> >
    > > I have bought my last two cameras from reading through
    > > http://www.dcresource.com/buyersguide/, and then reading the reviews
    > > there.
    > >
    > > They've got recommendations in each price range, and you can look at
    > > each and basically decide whether you want an SLR, something that looks
    > > like an SLR but isn't, a mid-sized camera, a smaller camera, or an
    > > ultra-thin camera. Take a look at the reviews and take your pick.....

    >
    > The website they want is just automatically filtering the cameras that fit
    > your selected criteria,


    >> Which is not a very good idea....


    Don't be stupid, of course it is a good idea. If I have already decided I
    want a camera that costs less than £200, is a compact format, and takes CF
    cards, why would I want to look at a camera that costs £600, is an SLR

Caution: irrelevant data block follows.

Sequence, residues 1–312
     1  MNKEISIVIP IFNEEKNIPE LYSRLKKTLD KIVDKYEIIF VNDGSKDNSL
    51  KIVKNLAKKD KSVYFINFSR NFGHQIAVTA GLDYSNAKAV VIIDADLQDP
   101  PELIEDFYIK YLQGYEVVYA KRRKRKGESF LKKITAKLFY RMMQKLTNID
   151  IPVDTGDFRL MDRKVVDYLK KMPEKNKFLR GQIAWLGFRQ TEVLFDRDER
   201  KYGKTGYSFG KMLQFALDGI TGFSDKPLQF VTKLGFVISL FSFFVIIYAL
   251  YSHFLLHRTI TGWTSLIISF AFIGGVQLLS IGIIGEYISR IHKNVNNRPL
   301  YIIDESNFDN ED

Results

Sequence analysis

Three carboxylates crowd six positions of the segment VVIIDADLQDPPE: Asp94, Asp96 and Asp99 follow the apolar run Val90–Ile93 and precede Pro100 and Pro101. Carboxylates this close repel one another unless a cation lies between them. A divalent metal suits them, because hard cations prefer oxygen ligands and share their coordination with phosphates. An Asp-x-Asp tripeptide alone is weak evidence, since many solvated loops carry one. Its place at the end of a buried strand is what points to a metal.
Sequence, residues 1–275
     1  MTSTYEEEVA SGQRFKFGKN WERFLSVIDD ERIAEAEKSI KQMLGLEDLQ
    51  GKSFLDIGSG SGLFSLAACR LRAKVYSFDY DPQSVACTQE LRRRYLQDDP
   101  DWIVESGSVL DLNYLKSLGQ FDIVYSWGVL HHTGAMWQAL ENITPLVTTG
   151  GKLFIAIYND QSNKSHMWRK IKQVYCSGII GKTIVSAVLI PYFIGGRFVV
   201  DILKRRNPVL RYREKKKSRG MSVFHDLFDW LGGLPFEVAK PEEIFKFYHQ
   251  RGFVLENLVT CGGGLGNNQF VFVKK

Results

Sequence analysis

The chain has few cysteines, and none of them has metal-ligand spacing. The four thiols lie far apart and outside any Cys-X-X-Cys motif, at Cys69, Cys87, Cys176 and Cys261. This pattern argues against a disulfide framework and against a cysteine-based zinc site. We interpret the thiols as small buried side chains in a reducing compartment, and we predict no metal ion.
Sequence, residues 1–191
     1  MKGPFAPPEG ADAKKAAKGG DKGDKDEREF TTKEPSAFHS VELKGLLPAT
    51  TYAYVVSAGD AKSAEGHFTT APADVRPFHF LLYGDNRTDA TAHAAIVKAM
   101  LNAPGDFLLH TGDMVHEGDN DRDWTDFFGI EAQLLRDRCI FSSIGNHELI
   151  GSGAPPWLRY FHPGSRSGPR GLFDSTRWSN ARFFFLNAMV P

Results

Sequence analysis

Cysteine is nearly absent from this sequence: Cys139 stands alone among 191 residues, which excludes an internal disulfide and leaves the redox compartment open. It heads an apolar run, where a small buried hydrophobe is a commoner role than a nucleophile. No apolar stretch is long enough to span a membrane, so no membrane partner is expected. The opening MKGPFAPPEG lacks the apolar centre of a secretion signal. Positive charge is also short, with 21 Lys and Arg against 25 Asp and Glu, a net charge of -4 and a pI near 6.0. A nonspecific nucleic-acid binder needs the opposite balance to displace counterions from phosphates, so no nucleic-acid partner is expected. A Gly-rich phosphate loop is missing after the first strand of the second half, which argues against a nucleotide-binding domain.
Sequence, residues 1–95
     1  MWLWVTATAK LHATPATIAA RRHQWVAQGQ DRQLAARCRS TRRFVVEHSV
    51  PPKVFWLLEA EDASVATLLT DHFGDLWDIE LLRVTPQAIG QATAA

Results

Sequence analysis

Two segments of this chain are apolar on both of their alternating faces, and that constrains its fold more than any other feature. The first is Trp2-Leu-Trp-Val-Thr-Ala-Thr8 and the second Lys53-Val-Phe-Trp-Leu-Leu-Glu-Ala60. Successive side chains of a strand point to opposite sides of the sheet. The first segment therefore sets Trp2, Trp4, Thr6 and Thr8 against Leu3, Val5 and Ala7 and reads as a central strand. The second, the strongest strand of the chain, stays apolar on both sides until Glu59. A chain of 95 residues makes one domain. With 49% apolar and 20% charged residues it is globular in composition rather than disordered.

format, and takes SD cards?

    >> It's the Argos catalogue approach.
    >> They sell washing machines, etc. on the basis of numbers 'this one is
    >> 1400 spin', 'this one is 1200', so the 1400 must be better.


    It's the purchaser that is deciding 1400 is better, not argos - they just
    provide the info and the user filters out what they consider to be inferior.

    >> You can go into Dixons and they will say 'ow many megapixels do you
    >> want', which is a pretty stupid question for most people, as pretty
    >> much any digital camera has enough megapixels, but not all cameras are
    >> equal in quality. On this basis they will end up selling you a crappy
    >> Praktica '8 mega pixel' (which is actually interpolated and isn't 8
    >> megapixel at all, and has a tiny CCD)


    A lot of people equate pixels to quality which as you point out is not
    always true. The salesman is doing what he needs to make a sale. You do not
    have to filter out cameras based on the number of pixels, or you can specify
    a range which is important if you want to print out huge prints. It is no
    use getting a 2 mega pixel camera which gives great 4x6 prints if you really
    want to produce great A3 sized prints, because no matter how good that